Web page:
"Read this," said my mother, pushing a picture book in front of me.
"I can' read," I said exasperatedly. "I'm nah' ole denough."
"Just tell me what it says."
"Once upon a time, there was..."
"See? You can read!"
"No I can'!"
"But you just did!"
"Tha’ was reading!?"

1st grade
"We're nod allowed t' say i'." said one of the other kids.
"Why?" I asked.
"We just aren't."
"Whad is i' we're nod allowed t' say?"
"We're nod allowed t' say."
"Please tell me."
"We can'."
"Wai', then why d'you guys know wha' they are?"
"Just drop i', okay?"
"But whad if I say i' by accident! I can't know no' to say something I don't know." I whispered, with a pleading look.
"Alrigh'. A. S. S."
"Ass?" I asked. It was only two sounds. Barely a word at all. All the one syllable words I had heard previously were too simple to be offensive. "Wha' does tha' mean?"
"It's your, you know..."
"Know wha'?"
"Your butt," the other boy whispered.
"But we're allowed to say butt." I said, confused. "That's not a cuss word. If they mean the same thing, if they're cinnamons, then why aren't we allowed to say ass?"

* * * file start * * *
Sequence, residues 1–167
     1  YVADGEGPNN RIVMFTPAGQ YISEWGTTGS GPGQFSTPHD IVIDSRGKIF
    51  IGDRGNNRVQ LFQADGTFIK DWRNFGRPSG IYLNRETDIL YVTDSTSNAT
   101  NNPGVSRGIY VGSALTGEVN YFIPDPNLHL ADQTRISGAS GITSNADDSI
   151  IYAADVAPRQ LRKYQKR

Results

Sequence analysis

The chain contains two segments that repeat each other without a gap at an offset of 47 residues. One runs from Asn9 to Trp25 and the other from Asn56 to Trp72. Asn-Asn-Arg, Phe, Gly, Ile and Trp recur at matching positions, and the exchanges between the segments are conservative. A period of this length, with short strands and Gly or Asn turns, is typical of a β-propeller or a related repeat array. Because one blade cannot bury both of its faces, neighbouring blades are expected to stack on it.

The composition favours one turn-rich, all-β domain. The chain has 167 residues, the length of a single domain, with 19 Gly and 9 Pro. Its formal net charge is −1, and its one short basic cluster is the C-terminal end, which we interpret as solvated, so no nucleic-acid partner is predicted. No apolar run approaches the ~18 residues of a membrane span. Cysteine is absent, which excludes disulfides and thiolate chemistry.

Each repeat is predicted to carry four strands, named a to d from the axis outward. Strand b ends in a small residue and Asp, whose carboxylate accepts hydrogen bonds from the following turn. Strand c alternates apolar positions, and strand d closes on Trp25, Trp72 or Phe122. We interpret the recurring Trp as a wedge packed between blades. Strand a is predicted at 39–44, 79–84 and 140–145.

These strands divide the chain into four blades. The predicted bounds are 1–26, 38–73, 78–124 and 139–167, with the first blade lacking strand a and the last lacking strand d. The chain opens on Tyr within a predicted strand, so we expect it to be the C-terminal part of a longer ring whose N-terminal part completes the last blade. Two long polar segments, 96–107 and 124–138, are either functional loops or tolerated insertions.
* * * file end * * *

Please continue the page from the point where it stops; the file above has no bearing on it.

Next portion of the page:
I was completely oblivious to everyone staring at me.
"Go to the principal's office," the teacher commanded me.
"Wha'? Why?" I asked, shocked.
"You know why."
"No I don't," I said, confused.
"Don't argue with me," said the teacher.
I refused to go. I had another class to go to, and as far as I knew I hadn't done anything wrong!
I was an out-of-control sobbing wreck as I was escorted to the principal's office. Other students stared at me as I passed.

1st-4th grade
My behavior and emotional stability would drastically decline over the next few years after that, and I needed to be medicated for it. I went from medication to medication for many years after that, and all of them made me worse, but that didn't stop my parents and everyone else from constantly having me try new ones, and blaming me entirely for their less than optimal effects. Having to go to the principal's office was a fairly regular occurrence until the end of fourth grade, when I was locked up in the teacher's lounge against my will and kept under guard until my parents arrived. This was a huge overreaction, since I was not physically dangerous, only disruptive. My sisters, parents and I moved to Ohio shorty after that.

5th grade
I'm not sure it went exactly like this, but it's likely a pretty close approximation of what actually happened:

I sat at the table, staring at the sheet of paper.
"I can't do it."
"Yes you can," said the teacher.
"No I can't!"
"Do not shout at me.”
"This isn't fair!"
"Life's not fair. Now, are you going get your work done like a big boy, or do you want to go do the kindergarten activities with everyone else?"
"I don't wanna do the kindergarten activities," I said. "I already know all that stuff."